As the controversy surrounding Dr. Dre’s assault on journalist Dee Barnes in 1991 resurfaced close to the premiere of “Straight Outta Compton” last Friday (leading to Dre kind of, sort of speaking on it in the latest Rolling Stone), Barne’s voice was notably absent from the contemporary discussion. Now, a revealing testimonial from Barnes in Gawker explores her reactions to the film, touching on the omission of Dre’s assault on her and alleged abuse towards ex-girlfriend Michel’le. The whole unsettling and stark piece is well-deserving of your full attention, but there are a few telling quotes that paint the biopic in a new light.
She addressed the omission of any mention of the assaults in the film, which she explained as being more problematic than actually depicting the assault:
That event isn’t depicted in Straight Outta Compton, but I don’t think it should have been, either. The truth is too ugly for a general audience. I didn’t want to see a depiction of me getting beat up, just like I didn’t want to see a depiction of Dre beating up Michel’le, his one-time girlfriend who recently summed up their relationship this way: “I was just a quiet girlfriend who got beat on and told to sit down and shut up.”
But what should have been addressed is that it occurred. When I was sitting there in the theater, and the movie’s timeline skipped by my attack without a glance, I was like, “Uhhh, what happened?” Like many of the women that knew and worked with N.W.A., I found myself a casualty of Straight Outta Compton’s revisionist history.
Barnes went on to talk about the complicity of “Straight Outta Compton” director F. Gary Gray, who was a cameraman for Barnes’s show “Pump It Up!” and was present for the interview with Ice Cube that set off Dre and NWA enough (who were then feuding with Cube; now, Cube is the biopic’s co-producer and the feud apparently is over) to attack Barnes and try and justify it:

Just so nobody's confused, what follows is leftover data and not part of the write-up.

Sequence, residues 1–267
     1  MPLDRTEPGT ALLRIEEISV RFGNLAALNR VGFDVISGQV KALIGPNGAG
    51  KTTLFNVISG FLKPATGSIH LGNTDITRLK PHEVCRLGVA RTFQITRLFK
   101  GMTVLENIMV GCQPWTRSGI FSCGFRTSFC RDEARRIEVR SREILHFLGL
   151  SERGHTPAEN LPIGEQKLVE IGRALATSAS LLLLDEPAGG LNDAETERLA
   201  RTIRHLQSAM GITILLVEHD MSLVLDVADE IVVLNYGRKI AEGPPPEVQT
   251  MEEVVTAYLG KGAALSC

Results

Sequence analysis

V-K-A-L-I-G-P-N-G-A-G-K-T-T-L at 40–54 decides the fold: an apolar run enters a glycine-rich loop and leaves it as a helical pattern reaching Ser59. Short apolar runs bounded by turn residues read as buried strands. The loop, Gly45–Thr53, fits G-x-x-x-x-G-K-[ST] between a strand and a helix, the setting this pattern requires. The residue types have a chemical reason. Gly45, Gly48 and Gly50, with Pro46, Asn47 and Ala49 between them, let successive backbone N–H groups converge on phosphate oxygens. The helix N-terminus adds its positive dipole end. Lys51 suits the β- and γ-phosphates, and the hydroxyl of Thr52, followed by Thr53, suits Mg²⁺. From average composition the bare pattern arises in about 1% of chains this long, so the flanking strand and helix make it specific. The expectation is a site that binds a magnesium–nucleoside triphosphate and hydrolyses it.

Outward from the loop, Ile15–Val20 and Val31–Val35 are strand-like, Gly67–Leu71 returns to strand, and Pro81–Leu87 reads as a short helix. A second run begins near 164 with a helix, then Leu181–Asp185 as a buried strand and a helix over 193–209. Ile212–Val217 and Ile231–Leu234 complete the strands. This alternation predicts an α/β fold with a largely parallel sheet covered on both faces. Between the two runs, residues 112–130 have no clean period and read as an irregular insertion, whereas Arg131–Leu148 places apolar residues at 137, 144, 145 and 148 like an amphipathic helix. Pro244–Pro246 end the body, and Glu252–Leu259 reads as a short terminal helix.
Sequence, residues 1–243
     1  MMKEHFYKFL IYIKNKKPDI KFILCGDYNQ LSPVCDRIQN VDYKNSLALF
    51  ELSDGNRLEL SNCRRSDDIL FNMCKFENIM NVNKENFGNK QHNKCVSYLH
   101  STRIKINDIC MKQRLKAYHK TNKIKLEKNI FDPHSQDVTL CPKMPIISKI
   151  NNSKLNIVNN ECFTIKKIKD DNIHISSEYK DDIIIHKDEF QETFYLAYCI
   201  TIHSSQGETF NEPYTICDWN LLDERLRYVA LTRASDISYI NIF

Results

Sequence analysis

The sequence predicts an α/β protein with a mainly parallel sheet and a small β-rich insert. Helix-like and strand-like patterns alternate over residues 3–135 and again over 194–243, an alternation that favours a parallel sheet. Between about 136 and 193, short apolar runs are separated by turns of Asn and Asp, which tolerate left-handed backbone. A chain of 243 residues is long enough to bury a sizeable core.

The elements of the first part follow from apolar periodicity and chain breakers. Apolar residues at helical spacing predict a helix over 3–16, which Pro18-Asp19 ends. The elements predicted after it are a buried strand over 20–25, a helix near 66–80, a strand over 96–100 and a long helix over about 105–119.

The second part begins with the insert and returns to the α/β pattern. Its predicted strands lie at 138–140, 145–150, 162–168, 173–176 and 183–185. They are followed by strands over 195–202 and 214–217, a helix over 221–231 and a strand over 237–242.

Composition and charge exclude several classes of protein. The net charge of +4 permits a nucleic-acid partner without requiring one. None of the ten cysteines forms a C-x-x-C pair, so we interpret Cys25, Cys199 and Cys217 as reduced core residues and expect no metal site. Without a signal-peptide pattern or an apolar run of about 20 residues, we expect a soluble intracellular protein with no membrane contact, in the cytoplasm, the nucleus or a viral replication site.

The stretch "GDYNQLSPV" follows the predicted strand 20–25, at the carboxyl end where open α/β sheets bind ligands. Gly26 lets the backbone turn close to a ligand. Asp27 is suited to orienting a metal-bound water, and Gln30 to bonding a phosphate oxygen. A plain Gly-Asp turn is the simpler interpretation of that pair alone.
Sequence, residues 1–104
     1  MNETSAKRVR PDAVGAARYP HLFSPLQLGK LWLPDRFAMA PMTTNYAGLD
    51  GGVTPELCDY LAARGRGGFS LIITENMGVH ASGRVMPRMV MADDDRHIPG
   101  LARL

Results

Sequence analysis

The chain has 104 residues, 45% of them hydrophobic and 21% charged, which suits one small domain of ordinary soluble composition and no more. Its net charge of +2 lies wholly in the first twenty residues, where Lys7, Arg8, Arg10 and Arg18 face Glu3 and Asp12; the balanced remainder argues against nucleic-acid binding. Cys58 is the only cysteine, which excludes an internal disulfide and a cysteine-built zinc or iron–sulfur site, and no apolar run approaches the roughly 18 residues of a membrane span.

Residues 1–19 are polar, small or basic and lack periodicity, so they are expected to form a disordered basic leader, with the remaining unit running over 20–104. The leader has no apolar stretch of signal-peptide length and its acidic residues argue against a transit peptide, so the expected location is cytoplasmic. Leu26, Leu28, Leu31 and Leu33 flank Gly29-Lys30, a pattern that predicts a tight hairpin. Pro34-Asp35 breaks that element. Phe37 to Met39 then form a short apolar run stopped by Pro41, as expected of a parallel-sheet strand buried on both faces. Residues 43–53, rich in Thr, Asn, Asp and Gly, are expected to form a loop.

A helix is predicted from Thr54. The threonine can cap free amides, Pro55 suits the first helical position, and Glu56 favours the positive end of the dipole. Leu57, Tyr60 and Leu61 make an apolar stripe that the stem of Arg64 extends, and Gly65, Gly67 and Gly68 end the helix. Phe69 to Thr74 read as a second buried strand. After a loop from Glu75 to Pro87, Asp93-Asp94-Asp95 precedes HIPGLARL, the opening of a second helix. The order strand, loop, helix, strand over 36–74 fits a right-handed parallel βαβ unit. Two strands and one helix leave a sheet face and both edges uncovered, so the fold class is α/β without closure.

That’s right. F. Gary Gray, the man whose film made $60 million last weekend as it erased my attack from history, was also behind the camera to film the moment that launched that very attack. He was my cameraman for Pump It Up! You may have noticed that Gary has been reluctant to address N.W.A.’s misogyny and Dre’s attack on me in interviews. I think a huge reason that Gary doesn’t want to address it is because then he’d have to explain his part in history. He’s obviously uncomfortable for a reason.
Tellingly, Barnes (who is working on her memoir and is looking for a publisher, according to Gawker) also described the damage done to her career based on Dre’s increasing ubiquity in entertainment—something that, with his being a successful Apple-affiliated entrepreneur, she must still confront:
People ask me, “How come you’re not on TV anymore?” and “How come you’re not back on television?” It’s not like I haven’t tried. I was blacklisted. Nobody wants to work with me. They don’t want to affect their relationship with Dre. I’ve been told directly and indirectly, “I can’t work with you.” I auditioned for the part that eventually went to Kimberly Elise in Set It Off. Gary was the director. This was long after Pump it Up!, and I nailed the audition. Gary came out and said, “I can’t give you the part.” I asked him why, and he said, “‘Cause I’m casting Dre as Black Sam.” My heart didn’t sink, I didn’t get emotional; I was just numb.
Most recently, I tried to get a job at Revolt. I’ve known Sean (Combs) for years and have the utmost respect for him. Still nothing. Instead of doing journalism, I’ve had a series of 9-5 jobs over the years to make ends meet.
She also drew an important connection between the depictions of police harassment in “Straght Outta Compton” (a big part of the film’s current resonance) and the erasure of violence experienced by black women:
Accurately articulating the frustrations of young black men being constantly harassed by the cops is at Straight Outta Compton’s activistic core. There is a direct connection between the oppression of black men and the violence perpetrated by black men against black women. It is a cycle of victimization and reenactment of violence that is rooted in racism and perpetuated by patriarchy. If the breadth of N.W.A.’s lyrical subject matter was guided by a certain logic, though, it was clearly a caustic logic.
Read the whole revealing piece on Gawker.